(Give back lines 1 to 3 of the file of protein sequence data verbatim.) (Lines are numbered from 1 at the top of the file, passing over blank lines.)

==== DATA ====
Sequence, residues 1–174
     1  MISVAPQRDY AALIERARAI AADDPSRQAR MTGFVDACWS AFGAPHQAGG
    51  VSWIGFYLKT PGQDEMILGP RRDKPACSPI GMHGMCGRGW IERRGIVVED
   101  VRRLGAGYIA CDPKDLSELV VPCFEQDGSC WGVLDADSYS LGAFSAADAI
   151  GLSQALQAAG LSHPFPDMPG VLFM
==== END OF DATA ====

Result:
Sequence, residues 1–174
     1  MISVAPQRDY AALIERARAI AADDPSRQAR MTGFVDACWS AFGAPHQAGG
    51  VSWIGFYLKT PGQDEMILGP RRDKPACSPI GMHGMCGRGW IERRGIVVED